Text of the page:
Keep in mind that the Weaponsmith is a support character, not a primary fighter. If the Skyraider and Swordmaster are challenged in combat, and the Weaponsmith can't hit anything, that's fine. It's not the Weaponsmith's job to hit anything. His strength lies elsewhere.
In general, though, Earthdawn doesn't need a carefully tuned balance. Challenge the party as a whole; everybody has different talents that contribute to the final success (or failure). It's true that some classes take a while to really get into their own. But more importantly: fights don't have to be predictable. My group has lost fights we should have won, and won fights we should have lost. When things go wrong, you can still improve your odds by spending karma, and when that's not enough, well, you need to think on your feet, which is where the real fun is. Sometimes you need to run or strike a deal. Sometimes you get captured and need to escape, sometimes one player has to rescue the others. Sometimes failure can lead to interesting things.
And in Earthdawn, even much weaker characters can still contribute their unique abilities. My group also had a PC die when the group was around circle 4 or 5. The player started a new character, a Swordmaster, at circle 1, and managed to contribute fine during combat. One thing he did was to focus on one specific talent (Maneuver) and maximize that way ahead of anything else. He could make himself hard to hit, and that way he could keep one enemy busy while the rest of the group (a Warrior, a Skyraider, a Nethermancer and an Archer) tore through the rest of the opposition. He punched way above his weight, but you need to know what the strengths of your discipline are.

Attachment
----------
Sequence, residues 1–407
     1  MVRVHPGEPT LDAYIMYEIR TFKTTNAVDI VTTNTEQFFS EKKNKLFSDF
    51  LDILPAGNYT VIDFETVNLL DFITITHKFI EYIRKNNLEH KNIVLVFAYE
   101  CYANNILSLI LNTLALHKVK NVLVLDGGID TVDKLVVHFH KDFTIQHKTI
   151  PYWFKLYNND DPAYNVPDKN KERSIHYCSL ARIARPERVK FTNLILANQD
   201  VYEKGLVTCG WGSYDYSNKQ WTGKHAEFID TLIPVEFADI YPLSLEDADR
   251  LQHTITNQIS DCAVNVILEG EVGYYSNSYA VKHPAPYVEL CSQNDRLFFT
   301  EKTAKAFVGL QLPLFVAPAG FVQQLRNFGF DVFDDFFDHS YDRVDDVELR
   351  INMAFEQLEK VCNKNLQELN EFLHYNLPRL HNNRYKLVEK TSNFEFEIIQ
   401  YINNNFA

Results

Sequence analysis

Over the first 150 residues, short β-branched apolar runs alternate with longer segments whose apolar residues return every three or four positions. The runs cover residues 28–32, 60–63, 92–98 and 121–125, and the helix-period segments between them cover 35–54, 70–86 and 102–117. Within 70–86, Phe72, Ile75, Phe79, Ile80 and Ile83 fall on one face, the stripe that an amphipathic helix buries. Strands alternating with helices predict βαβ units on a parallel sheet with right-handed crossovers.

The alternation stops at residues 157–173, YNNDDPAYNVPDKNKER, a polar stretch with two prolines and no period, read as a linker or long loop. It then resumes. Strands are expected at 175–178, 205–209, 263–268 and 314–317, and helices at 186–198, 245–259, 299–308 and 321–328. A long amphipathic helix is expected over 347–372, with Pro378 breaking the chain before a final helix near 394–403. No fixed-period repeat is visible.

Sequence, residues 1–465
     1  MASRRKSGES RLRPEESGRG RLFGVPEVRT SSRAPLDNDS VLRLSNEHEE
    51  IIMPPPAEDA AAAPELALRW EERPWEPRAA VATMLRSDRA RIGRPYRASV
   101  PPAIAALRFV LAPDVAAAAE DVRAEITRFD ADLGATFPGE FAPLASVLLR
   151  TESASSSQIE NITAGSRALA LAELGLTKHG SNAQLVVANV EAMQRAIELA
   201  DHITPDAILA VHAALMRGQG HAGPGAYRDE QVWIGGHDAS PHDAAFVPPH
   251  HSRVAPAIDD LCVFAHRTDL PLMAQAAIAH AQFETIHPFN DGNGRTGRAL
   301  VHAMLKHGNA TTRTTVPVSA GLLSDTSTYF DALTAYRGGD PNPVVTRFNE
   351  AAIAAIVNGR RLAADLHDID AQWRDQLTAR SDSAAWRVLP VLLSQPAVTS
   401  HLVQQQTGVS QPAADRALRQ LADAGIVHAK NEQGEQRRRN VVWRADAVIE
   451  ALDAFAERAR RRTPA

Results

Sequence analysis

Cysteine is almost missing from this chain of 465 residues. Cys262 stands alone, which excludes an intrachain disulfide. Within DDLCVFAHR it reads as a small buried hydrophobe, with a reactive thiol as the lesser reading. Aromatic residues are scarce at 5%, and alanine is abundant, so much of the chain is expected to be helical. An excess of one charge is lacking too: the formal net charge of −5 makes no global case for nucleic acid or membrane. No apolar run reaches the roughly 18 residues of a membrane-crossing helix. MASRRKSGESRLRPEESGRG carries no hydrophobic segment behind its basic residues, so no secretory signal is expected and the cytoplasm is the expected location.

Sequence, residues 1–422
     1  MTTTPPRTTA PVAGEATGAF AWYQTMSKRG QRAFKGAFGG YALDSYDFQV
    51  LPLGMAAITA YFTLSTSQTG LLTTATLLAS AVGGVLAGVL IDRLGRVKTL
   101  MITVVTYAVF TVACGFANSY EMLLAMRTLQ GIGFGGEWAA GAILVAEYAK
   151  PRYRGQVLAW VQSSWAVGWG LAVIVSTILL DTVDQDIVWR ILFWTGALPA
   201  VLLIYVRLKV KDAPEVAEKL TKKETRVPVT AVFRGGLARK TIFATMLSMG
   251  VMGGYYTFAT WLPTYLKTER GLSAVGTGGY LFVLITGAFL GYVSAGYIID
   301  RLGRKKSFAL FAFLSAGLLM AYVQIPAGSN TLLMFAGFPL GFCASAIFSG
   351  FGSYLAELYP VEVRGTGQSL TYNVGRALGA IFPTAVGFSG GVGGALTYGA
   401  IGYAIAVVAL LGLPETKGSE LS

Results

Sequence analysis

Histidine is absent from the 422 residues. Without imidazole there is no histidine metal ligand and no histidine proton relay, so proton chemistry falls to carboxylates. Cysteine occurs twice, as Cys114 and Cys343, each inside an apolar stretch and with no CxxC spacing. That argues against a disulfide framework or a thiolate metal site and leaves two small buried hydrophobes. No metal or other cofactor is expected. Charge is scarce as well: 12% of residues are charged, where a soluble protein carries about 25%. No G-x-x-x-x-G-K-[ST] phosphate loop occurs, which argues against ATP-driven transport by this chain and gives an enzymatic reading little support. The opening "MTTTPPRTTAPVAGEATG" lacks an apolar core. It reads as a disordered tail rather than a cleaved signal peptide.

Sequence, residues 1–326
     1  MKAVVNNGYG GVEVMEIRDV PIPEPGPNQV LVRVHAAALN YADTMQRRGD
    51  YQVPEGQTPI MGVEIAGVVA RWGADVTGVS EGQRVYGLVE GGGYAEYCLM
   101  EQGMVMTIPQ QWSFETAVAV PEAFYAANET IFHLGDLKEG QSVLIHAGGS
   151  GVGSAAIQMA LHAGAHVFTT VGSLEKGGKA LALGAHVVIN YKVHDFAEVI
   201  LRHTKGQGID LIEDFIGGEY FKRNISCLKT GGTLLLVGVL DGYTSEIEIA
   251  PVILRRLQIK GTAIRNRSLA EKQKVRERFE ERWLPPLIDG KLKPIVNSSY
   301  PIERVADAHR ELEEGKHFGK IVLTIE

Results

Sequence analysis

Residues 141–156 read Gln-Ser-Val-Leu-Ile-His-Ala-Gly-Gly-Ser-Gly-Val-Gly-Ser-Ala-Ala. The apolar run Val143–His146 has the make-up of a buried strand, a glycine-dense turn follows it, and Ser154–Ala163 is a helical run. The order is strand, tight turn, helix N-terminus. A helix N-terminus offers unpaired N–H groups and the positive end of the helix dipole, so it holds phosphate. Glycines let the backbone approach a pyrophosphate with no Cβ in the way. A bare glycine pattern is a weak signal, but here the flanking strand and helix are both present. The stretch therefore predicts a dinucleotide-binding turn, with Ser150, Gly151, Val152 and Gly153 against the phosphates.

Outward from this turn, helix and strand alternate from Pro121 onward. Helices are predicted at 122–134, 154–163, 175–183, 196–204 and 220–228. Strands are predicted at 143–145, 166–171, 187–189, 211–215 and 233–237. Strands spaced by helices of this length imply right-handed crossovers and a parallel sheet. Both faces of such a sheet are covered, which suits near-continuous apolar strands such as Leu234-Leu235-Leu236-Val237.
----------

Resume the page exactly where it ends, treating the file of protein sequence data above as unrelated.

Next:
And once the players have figured out how their disciplines work and how they interact with each other, you may even throw "impossible" encounters at them to see them get creative. Nothing is cooler in GMing than seeing your players do the impossible. Just don't expect it of them every single time. And give them and yourself the time to figure out what they're capable of. Start out easy, and keep varying and increasing the challenges until you reach something that works, and then you continue varying, as every combat (and every non-combat encounter) needs to be unique. And if it gets too hard, give them some space to recover.